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Pigtronix Philosopher's Rock Pedal Review

In an industry where being called a “clone” can actually be a compliment, Pigtronix manages to stay prolific in unique ways. The company rarely delivers a strictly traditional take

In an industry where being called a “clone” can actually be a compliment, Pigtronix manages to stay prolific in unique ways. The company rarely delivers a strictly traditional take on anything, and the Philosopher’s Rock is yet another article of evidence speaking to the New York-based manufacturer’s evolutionary mindset—even if it takes on relatively few simple tasks, especially in comparison to previous Pigtronix offerings. Based on the company’s rave-garnering Philosopher’s Tone, this compressor is designed to deliver the same signature sustain in a more compact pedal. But it also comes packed with a few surprise features, such as the grit toggle, which enables you to move from fully compressed clarity to aggressive, germanium-fused distortion with the flip of a switch.

Stone Cold Simple
The all-analog Philosopher’s Rock is housed in a compact enclosure that’ll take up minimal room on your pedalboard. But to squeeze all the circuitry and guts into this compact design, Pigtronix had to eliminate the option for a battery—you can only power it with a 9V–18V adapter. Fortunately, it comes with an 18V plug—which also happens to be good for signal response and headroom.

Compared to its older sibling, the Rock has considerably fewer knobs to tweak. In return for its smaller footprint, it sacrifices treble and blend controls, but Pigtronix has dialed parameters controlled by those knobs in to a sweet spot from the factory. Volume and sustain controls remain, however. For more compression, roll the latter clockwise, or roll it off to let your tone breathe in the upper and lower registers.

The Rock’s slickest attribute is the grit toggle, which engages a harmonically rich germanium distortion. With grit engaged, volume and sustain still shape the tone, and the sustain control is particularly effective for soaring, string-/synth-type distortion when you crank it, or more brawny, unraveled-sounding tones at its lowest.

Gritty Performance
I plugged the Philosopher’s Rock into a late-’60s Fender Bassman with a matching 2x12 cabinet and a Fender Telecaster on the opposite end of the chain. With the Rock’s controls at noon, a simple campfire chord exhaled with near perfect symmetry from low to high notes. With volume set at noon, you’ve got unity gain with a single-coil-equipped guitar, so there’s plenty of headroom on tap—especially when you use an 18V—if you need to boost your compressed signal. Kicking sustain up to around 2 o’clock substantially chokes the frequency band, but the output retains a musical, fluid quality that’s nice for clean lead lines. Turn sustain past 4 o’clock, and there’s a significant increase in output volume, accompanied by a little white noise. At these levels, you’ll likely start to battle some feedback issues, which means you might have less flexibility to use high-gain pedals or use the effect aggressively at high amplifier volume. That said, Pigtronix designed this pedal to generate good, musical harmonic feedback. And when it can be tamed, this aspect of the pedal’s performance can be a real asset.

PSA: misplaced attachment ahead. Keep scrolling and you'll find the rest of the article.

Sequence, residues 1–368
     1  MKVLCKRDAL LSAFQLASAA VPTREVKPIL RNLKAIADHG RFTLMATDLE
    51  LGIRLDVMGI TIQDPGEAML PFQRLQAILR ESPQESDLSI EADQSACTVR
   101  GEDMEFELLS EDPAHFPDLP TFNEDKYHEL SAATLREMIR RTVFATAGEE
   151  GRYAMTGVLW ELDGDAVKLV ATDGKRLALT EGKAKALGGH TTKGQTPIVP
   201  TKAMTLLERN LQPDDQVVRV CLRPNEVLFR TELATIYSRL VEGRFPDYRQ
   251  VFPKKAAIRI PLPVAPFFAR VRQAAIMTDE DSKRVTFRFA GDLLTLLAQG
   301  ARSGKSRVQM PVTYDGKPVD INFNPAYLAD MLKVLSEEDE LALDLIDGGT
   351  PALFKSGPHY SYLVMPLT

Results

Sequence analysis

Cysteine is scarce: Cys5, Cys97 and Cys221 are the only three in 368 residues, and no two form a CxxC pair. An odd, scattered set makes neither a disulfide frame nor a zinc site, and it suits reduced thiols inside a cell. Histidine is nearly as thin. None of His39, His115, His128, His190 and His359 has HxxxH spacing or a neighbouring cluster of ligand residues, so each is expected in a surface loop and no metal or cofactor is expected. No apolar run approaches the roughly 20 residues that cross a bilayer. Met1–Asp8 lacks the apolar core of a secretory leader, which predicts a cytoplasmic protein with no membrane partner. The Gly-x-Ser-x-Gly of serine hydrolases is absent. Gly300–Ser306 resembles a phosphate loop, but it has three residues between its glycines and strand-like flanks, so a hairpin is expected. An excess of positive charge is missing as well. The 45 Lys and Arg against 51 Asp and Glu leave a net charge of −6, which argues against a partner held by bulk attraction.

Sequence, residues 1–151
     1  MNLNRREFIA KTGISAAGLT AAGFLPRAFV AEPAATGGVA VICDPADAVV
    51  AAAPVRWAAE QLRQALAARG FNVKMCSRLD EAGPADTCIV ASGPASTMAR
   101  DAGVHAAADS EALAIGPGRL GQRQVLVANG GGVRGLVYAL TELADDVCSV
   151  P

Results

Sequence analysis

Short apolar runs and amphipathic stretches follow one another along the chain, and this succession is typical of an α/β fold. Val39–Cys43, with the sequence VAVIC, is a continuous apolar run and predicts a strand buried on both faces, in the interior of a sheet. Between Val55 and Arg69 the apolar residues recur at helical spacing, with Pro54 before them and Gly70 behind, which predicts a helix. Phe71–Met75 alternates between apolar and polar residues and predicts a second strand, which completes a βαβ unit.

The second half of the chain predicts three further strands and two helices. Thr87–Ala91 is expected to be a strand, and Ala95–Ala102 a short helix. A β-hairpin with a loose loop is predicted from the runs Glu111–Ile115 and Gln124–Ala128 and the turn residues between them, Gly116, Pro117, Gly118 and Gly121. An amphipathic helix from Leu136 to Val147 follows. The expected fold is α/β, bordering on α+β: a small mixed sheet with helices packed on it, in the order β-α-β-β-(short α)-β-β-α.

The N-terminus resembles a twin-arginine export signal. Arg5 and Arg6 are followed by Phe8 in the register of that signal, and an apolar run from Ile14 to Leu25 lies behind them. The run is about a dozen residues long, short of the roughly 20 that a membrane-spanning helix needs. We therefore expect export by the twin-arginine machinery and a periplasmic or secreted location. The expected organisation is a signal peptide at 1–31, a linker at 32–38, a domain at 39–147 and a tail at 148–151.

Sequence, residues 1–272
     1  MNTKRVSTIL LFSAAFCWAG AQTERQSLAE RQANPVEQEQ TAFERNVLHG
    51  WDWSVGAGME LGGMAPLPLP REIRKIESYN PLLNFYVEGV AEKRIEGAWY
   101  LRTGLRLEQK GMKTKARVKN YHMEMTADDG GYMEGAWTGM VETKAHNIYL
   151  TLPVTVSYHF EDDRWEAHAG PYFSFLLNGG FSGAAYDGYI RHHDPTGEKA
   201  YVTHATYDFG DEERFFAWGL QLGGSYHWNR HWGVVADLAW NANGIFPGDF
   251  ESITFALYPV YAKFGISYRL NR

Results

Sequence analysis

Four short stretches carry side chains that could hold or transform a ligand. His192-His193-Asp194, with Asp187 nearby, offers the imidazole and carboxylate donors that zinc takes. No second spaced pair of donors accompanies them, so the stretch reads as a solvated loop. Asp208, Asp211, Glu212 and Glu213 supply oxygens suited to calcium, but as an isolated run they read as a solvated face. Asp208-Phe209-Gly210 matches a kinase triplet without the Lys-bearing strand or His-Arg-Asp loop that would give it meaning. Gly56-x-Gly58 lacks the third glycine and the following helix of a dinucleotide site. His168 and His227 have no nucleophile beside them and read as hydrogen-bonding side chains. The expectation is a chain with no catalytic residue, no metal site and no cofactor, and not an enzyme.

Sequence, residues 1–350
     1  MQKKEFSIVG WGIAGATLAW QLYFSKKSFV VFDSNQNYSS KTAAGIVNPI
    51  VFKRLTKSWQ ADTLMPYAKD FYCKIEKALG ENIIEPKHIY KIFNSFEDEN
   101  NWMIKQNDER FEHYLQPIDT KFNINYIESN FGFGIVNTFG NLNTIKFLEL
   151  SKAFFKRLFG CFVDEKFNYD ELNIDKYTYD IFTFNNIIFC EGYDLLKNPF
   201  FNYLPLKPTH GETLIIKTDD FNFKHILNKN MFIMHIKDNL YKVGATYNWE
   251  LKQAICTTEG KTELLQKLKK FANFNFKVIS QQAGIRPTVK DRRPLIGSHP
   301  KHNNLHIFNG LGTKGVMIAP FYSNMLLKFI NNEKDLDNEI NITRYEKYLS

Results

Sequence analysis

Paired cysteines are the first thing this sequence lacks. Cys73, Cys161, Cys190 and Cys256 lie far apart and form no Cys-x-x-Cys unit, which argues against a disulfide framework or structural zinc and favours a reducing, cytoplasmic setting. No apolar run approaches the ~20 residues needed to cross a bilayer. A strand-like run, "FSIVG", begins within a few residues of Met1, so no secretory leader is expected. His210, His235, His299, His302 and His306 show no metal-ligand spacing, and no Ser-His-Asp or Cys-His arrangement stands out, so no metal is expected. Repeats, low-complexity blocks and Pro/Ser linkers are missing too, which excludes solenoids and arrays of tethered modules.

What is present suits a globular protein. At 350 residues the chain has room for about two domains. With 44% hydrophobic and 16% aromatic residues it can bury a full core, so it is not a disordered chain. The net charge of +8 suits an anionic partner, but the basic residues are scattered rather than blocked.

Unique combination of germanium distortion and compression yields unique tones.

Can be just a little tough to tame.


Ease of Use:





With a humbucker-equipped Les Paul in the mix, the grit function is a blues-rocker’s dream. Again, the distortion isn’t exactly easy to tame, but the germanium drive circuit has a cool voice—a nasally treble response with a gravelly foundation. Keeping sustain around noon is very conducive to generating singing single notes, though not surprisingly, aggressive sustain settings promote feedback— especially with chords that generate a lot of overtone content.

Slide players of all kinds will find a great friend in the Rock’s grit sounds, which can deliver a great combination of singing and filthy tones. And flipping between the bridge and neck position on a Les Paul can produce a chunky, stouthearted lead tone that summons thoughts of Haynes and Trucks kicking up an Allman-style crossfire.

The Verdict
The Philosopher’s Rock is an occasionally odd, but often very effective, hybrid of compression and distortion. It would be nice to be able to control both functions independently, given that switching between compression and grit mode can yield very disparate sounds that require substantial sustain- and volumeknob tweaks. On the other hand, the magic of the Rock is just how many sounds you get from a small package. The tones within are rich, great for adding clarity or filth to leads, or for adding definition to distorted rhythms. What’s best is that these are not generic compression or distortion tones: Like many Pigtronix pedals, the Philosopher’s Rock inhabits unique sonic territory, and if you’re willing to do the homework it takes to tame this pedal and summon the best tones, you’re likely to be amply rewarded.